RATED SPEED : 1500RPM
BHP : 5HP
FUEL : DIESEL
NO OF CYLINDER : SINGLE
BORE DIA : 80MM
STROKE LENGTH : 110MM
STARTING : CRANKING
METHOD OF COOLING : WATER COOLED
METHOD OF IGNITION : COMPRESSION IGNITION
SFC : 0.272KG/KW-HR
ORIFICE DIAMETER : 20MM

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THEORY: Engine performance is an indication of the degree of success with which it does its
assigned job, conversation of chemical energy contained in the fuel in to the useful mechanical
work. In evaluation of engine performance certain basic parameters are chosen & the effect of
various operating conditions, design concepts &modifications on these parameters is studied.
The basic performance parameters arte numerated &discussed below
i. Power &mechanical efficiency
ii. Mean effective pressure torque
iii. Specific output
iv. Volumetric efficiency
v. Air fuel ratio

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vi. Specific fuel consumption


vii. Thermal efficiency
viii. Specific weight
Indicated power: The total power developed by combustion of fuel in the combustion chamber is
called as indicated power. (I.P). The IP is measured from the indicator diagram obtained from
indicator coupled to the engine.
Brake power: The brake power is the useful power available at the crank shaft (or) clutch shaft.
The brake power obtained by applying the load at brake drum .the brake power is less than the
Indicated power since it takes into account of the following
i. Pump losses due to indication &exhaust
ii. Mechanical losses in the bearings
iii. Resistance of air on flywheel rotation
Frictional power: The difference between IP& BP is called frictional power.
Specific fuel consumption: It is the mass of fuel consumed per kilowatt power developed per
hour & is a criterion of economical power production.
Indicated thermal efficiency: Indicated thermal efficiency of IC engine is the ratio of heat
converted into indicated work to the heat energy in the fuel supplied to the engine.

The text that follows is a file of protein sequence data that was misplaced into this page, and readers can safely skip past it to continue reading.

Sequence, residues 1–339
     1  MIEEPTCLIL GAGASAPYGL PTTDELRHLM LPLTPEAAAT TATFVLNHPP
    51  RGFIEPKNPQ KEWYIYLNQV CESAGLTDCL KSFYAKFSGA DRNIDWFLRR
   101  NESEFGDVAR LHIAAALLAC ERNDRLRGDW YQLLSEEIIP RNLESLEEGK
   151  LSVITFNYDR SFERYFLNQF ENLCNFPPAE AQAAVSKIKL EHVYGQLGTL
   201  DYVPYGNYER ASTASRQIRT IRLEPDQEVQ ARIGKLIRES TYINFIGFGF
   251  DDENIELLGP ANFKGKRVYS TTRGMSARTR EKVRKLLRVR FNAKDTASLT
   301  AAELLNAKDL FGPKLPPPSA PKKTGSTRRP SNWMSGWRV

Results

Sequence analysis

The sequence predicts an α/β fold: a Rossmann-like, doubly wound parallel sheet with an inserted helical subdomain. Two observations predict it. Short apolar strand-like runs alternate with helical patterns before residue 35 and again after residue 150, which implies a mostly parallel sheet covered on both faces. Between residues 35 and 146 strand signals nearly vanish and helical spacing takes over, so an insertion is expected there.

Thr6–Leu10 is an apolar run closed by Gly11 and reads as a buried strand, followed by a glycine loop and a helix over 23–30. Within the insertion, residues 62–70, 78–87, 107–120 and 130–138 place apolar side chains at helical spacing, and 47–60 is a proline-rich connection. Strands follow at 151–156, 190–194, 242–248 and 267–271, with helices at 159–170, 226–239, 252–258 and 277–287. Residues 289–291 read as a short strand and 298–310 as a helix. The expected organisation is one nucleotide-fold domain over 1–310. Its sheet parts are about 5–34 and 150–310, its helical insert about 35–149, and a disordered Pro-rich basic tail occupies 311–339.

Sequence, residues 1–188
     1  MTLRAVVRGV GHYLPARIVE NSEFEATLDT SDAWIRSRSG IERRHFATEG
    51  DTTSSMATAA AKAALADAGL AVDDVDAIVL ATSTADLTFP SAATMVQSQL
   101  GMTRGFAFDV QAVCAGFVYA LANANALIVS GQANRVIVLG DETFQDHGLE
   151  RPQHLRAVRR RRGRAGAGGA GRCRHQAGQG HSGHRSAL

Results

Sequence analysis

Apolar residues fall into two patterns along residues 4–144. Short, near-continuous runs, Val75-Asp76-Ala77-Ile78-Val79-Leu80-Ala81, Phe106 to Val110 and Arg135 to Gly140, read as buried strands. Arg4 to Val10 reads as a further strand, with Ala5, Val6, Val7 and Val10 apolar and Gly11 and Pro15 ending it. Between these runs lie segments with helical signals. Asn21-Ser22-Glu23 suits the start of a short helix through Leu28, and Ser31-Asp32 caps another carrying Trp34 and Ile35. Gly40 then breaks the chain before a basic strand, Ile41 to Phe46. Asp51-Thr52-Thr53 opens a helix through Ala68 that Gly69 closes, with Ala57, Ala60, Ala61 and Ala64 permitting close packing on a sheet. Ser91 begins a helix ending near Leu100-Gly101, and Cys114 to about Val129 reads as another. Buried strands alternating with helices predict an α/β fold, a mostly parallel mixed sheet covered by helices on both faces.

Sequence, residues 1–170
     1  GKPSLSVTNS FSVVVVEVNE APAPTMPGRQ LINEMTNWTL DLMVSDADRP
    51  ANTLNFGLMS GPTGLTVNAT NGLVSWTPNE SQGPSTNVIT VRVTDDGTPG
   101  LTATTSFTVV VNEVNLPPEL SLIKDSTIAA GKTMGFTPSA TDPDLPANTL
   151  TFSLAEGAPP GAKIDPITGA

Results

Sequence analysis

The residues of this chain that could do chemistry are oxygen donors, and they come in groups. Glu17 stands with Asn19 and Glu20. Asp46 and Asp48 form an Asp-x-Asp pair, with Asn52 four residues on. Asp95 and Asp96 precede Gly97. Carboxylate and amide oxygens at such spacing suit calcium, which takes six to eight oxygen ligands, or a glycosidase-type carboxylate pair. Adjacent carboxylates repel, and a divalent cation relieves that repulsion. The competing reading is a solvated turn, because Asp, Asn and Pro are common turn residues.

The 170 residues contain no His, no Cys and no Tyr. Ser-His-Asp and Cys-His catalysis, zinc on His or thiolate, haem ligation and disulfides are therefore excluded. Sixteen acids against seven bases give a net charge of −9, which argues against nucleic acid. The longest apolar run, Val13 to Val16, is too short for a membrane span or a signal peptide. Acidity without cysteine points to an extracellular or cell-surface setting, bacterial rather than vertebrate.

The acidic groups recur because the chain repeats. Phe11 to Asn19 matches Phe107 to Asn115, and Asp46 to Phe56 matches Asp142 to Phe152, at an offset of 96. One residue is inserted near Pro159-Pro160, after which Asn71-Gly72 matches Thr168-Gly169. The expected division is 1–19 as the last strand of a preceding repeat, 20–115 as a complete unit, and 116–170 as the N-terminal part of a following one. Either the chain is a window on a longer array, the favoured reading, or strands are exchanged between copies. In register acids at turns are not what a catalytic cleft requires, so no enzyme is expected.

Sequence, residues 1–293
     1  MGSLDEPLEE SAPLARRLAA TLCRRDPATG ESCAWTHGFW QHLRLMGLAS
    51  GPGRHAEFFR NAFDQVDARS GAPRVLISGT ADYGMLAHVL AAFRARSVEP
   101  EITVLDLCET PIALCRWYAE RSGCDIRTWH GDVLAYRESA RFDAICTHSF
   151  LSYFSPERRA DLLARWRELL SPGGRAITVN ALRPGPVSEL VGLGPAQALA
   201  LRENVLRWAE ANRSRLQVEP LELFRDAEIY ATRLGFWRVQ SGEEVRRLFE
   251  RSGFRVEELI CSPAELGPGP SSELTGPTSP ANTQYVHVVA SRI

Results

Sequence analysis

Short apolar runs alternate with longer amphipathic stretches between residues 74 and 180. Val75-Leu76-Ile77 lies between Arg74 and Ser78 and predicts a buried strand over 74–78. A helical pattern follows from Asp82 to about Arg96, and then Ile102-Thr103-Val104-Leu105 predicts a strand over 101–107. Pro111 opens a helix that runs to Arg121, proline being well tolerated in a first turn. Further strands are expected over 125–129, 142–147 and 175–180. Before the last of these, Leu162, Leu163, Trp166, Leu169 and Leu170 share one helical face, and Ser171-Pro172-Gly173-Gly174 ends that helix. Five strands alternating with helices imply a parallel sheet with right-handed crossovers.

PROCEDURE: After taking all the precautions, engine is started with no load on it. Time taken
for consumption of 10cc fuel & water manometer reading are noted. Now the load is applied in
the steps of 2, 4, 6, 8, 10&12kgs.
The corresponding time taken for 10cc of fuel consumption, water consumption &water
manometer reading are noted.
S.no Load Time taken for 10cc
of fuel consumption
X(kgf) X 9.81 (N)
tsec
1.
2
3
4

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MAXIMUM LOAD:
2 NT
BP
60
T W Reff

Reff Rdrum Rbeltthickness

2 R =9705
R =0.15517mm
Reff =0.15517m

BRAKE POWER:
2 NT
BP
60

TOTAL FUEL CONSUMPTION:


mf 10 3600
Total fuel consumption TFC sp
t 1000
Heat input:
Heat input=TFC x calorific value of diesel KJ/hr

BREAKE THERMAL EFFICENCY:

BP KW 3600
bth 100
KJ
heatinput
hr

Specific fuel consumption:


TFC
sfc
BP KW

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Indicated thermal efficiency:


IP 3600
ith 100
TFC CV

Precautions:
1. Parallax error should be avoided while taking readings.
2. Before starting the engine check the cooling water supply and lubricating system.

Result: Hence the performance test is conducted on 5HP kirloskar engine.

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Experiment 5

ROTARY AIR COMPRESSOR TEST RIG (CENTRIFUGAL FLOW COMPRESSOR)

AIM: To conduct test on rotary air compressor and to determine volumetric efficiency at various
delivery pressure.

DESCRIPTION: Rotary air compressor is a rotary type driven by primary mover AC motor
through belt. The test rig consists of a base on which the tank (air reservoir) is mounted. The
outlet pressure of the air is indicated by the pressure gauge. The suction is connected to the air
tank with a calibrated orifice plate through water manometer.

SPECIFICATION:

1. Displacement : 300 ltr/ min at 1440 RPM.

2. Standard speed : 1440 RPM.

3. Working temperature : 850C

4. Power : 1 HP

PROCEDURE:

The outlet valve is opened.

The manometer connections are checked. The manometer is filled with water up to half
level.

The pressure gauge is set for a particular pressure by adjusting the outlet gate valve.

Note down the RPM of the compressor.

Note down the manometer reading.

Note down the energy meter reading.

Repeat the experiment for various pressures.

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CALCULATIONS:

1. ACTUAL VOLUME OF AIR DRAWN AT R.T.P CONDITIONS

Va = Cd X A X 2gh m3/ sec

Where Cd , coefficient of discharge of orifice= 0.62.

Area of cross-section of orifice = (d)2/ 4 m2

D= Dia of the orifice = 10 mm

h= (ha )m

a= 1.193 kg/m3 (density of air)

w= 1000 kg/m3 (density of water)

ha= manometer reading in m.

2. Theoretical discharge Qt= m3/ sec

A= area between the two vanes (38 X 10mm)

l = length of the vane (80mm)

n= speed in RPM.

3. Volumetric efficiency =

Delivery Current Actual Theoretical Volumetric


S.No h1 h2 h1 - h2
Pressure (KW/h) Discharge Discharge efficiency

RESULT: